Regardless of where it comes from — be it crowd sourced, driven by technology, from the agency, or any other space– we still need a Big Idea that is engaging, clever, original, fresh, memorable and long lasting. However, what’s changed is that, in addition to all of the above qualities, big ideas now need to also be a part of the conversation, be useful to consumers, be responsive to their needs, and be very shareable as well. According to a comment on Digiday by Chuck Book, president, Hamilton Gregory Marketing Communications, “Unless the human condition is on the cusp of a major evolutionary breakthrough, ‘big ideas’ will continue to be an important part of helping brands break through the clutter of an increasingly complex world.”
Big ideas haven’t disappeared. They have transformed.
Because if the Big Idea is dead how do you explain the Guardian’s category defining and game-changing TV spots.
For the last 27 years, the Guardian has used the positioning — “The Whole Picture”– that reflects what the newspaper stands for. In 2012, the Guardian wanted to show its readers that it understood that people consume news differently in a digital age, and that the newspaper is committed to providing its readers with an unbiased take on events that matter to them, regardless of how they choose to receive their news. So on February 29, 2012, the Guardian launched a major ad campaign to highlight its much talked about “open journalism” and “multi-platform credentials” through a retelling of the classic fairy tale “The Three Little Pigs” from a completely different point of view. The campaign launch was preceded with trailers, leaked footage, and teaser posters.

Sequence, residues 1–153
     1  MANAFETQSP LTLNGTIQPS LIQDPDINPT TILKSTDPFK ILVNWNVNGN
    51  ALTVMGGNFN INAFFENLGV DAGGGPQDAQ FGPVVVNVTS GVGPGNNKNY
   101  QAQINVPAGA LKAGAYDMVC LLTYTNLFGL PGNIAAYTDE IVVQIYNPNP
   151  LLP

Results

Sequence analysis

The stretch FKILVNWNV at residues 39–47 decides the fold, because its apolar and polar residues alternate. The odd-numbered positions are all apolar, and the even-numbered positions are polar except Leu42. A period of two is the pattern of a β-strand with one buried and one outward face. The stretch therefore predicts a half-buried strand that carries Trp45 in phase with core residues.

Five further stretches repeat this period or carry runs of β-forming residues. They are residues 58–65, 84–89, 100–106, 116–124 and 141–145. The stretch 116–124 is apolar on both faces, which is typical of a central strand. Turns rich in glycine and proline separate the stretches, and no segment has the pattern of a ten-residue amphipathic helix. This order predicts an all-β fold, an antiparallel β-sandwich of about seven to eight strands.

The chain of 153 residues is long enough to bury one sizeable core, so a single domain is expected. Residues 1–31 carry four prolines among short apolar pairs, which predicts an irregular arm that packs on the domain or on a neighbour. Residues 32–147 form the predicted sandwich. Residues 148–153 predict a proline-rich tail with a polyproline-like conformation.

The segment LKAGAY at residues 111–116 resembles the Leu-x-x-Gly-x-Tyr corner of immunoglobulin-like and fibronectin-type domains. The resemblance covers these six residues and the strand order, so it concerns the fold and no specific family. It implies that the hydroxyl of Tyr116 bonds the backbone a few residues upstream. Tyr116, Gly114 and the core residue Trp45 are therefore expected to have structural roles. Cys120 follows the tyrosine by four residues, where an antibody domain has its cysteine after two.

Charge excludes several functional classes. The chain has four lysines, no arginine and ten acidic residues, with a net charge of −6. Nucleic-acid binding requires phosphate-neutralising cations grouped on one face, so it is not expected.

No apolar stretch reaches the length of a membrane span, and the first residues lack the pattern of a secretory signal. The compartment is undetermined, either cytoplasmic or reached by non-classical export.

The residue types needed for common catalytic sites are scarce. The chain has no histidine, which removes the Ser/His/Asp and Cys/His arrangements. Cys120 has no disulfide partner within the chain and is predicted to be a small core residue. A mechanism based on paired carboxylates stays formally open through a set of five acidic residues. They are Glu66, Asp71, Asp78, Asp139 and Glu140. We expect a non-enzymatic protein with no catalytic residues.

What makes the “Pigs” story special? Adweek’s Tim Nuddcalls it “the spot that has it all: a delightful conceit, an epic vision and deft execution.”
Within hours of the premiere of the ad across the Channel 4 network, the Guardian was already trending on Twitter and became international news overnight. The campaign was extended online. And readers were rewarded with additional articles, reports, and commentary about the “Pig” story on the Guardian’s print edition. Press and outdoor further explained the concept of “open journalism” by quantifying the various contributors to the current news stories. “The Whole Picture” campaign highlighted the relevancy of newspapers in today’s digital world by demonstrating how an open exchange of information, ideas, and opinions has the power to bring about change.
This campaign was seen in more than 200 countries; generated 100 million twitter impressions and 2 million viral views; and provided a 19 percent rise in online visits to guardian.co.uk.
There are several reasons, which make this spot memorable and stand out from the rest : it is intelligent, participatory, extremely sharable, fresh, and relevant. But above all, it is based on a single Big Idea suited for the digital world. Furthermore, it captures the essence of what the Guardian stands for and helps to bring that to life in a fun way for all users– existing and new. The Guardian’s ” Three Little Pigs” is thus a great example of how a brand’s approach to marketing can help to keep it front and center in the cultural conversation.